I’ve been pleasantly surprised to find an unlikely source for religion news: Business Insider, a 6-year-old web site founded by former – and disgraced -- Wall Street research analyst Henry Blodget, who is its CEO and editor-in-chief.
The site covers celebrity news, technology and all kinds of business out of New York. We have previously reported on some of their work. Some of their content is aggregated from elsewhere but they also do original reporting and commentary. Recently, that’s included everything from President Barack Obama’s tweet in favor of the Muslim youth arrested in Irving, Texas, because he brought an object to school that supposedly looked like a bomb to the decline of organized religion in America.
But its specialty is a alternative religion that is very tough for any journalist to cover: Scientology. Business Insider gave a lot of PR to “Going Clear,” the HBO film (that premiered March 29) about Scientology and is still doing follow-ups. A recent sample:
As director Alex Gibney prepares for the release of his latest movie, “Steve Jobs: The Man in the Machine,” it’s hard to pass up a chance to talk to the Oscar winner about his other recent film, the HBO Scientology documentary “Going Clear: Scientology and the Prison of Belief.”
At a recent screening of his Steve Jobs doc, Business Insider spoke with Gibney and asked him if he’s dealt with the same harassment by members of the Church of Scientology that former members of the church shown in the film say they have received.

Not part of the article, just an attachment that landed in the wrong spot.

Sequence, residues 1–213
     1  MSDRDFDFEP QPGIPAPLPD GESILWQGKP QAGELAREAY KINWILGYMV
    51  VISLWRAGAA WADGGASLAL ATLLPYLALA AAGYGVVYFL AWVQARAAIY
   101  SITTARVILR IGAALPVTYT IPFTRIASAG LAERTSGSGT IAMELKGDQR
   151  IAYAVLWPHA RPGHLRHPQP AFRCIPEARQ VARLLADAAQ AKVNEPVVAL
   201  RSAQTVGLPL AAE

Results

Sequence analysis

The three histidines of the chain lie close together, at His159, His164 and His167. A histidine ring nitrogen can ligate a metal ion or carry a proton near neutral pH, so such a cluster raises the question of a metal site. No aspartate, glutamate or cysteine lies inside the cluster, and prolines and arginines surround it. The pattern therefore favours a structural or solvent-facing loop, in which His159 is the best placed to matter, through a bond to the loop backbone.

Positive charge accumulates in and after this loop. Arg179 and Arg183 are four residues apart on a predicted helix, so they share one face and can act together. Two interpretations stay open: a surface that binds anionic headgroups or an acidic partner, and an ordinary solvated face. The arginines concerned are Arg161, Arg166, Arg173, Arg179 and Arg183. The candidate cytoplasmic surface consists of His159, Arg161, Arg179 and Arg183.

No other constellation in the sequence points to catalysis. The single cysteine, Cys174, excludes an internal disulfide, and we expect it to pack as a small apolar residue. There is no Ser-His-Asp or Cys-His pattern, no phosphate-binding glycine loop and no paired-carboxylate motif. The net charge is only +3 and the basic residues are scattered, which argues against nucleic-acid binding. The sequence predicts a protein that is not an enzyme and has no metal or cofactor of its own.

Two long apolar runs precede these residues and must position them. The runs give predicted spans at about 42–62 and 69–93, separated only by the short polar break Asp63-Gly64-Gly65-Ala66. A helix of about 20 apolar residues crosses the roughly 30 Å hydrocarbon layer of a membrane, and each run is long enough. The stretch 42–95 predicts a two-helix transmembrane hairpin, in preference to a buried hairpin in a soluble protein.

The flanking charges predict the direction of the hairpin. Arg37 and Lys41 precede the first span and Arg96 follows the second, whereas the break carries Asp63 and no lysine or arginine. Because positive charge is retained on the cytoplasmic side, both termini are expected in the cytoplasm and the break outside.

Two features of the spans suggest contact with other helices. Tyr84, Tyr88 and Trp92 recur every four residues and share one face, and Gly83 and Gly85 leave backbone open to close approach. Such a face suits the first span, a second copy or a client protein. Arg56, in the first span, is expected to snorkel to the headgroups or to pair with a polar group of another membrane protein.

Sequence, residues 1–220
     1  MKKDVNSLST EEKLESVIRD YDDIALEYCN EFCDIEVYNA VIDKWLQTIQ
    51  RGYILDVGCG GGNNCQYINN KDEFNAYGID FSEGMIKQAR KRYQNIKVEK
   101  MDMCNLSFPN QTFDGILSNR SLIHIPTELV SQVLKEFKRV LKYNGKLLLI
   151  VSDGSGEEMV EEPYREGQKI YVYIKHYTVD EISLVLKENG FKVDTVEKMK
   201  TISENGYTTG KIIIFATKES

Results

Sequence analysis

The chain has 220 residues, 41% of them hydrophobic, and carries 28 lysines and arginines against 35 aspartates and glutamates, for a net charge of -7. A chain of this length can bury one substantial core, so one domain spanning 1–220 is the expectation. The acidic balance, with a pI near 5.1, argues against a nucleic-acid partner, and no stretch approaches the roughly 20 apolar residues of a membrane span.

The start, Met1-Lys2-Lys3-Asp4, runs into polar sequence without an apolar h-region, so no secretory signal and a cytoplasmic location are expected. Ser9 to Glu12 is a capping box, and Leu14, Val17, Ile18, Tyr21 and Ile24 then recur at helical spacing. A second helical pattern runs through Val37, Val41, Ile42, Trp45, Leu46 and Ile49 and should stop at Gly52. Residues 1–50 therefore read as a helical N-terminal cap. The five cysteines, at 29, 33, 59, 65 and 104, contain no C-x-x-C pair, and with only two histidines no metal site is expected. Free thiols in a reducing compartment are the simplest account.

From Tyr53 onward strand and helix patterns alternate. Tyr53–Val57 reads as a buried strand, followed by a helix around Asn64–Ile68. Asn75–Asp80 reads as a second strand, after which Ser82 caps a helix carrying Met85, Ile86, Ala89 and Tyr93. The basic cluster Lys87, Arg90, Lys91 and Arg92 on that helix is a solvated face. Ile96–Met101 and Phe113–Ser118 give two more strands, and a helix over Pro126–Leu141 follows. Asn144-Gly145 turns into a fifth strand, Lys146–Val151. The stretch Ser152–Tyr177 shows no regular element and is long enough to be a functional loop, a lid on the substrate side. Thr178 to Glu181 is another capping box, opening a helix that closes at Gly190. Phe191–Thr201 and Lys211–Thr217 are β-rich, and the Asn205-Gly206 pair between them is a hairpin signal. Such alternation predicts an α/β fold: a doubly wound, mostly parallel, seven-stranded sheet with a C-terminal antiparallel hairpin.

“They’ve come after the people in the film much harder than I,” Gibney told Business Insider. “But they’ve come after me pretty hard and it’s a strange thing to be vilified 24/7. There is a set of danger around that and I have to be concerned.”
The reporter also got a quote from the Church of Scientology that ran at the bottom of the piece. Business Insider has run many other articles about the film and the controversial group, possibly because of the religion’s affiliation with Tom Cruise (or he with it), and its massive financial resources.
I learned that Henry Blodget posted a controversial column three years ago asking why some people hate Jews. It got a ton of criticism but it did show someone who is not afraid to ask impolite questions about religion.
It’s unclear what religion Blodget is -- apparently Judaism is not it -- but there are some Catholic Democrats who feel he thinks like them. And he has come back into vogue recently so Blodget and his website are worth watching. Plus the fact that Business Insider sees religion as something to report about, not to avoid because yes, following the money is important in the world of faith.
Are you listening, Wall Street Journal? Remember the early 1990s, when national religion-news coverage at the WSJ was must reading?
I am not faulting the Journal's international coverage or its new Vatican hire, but I'd like to see a veteran, experienced beat reporter covering religion in the United States. The team leaders at Business Insider are at least making the attempt.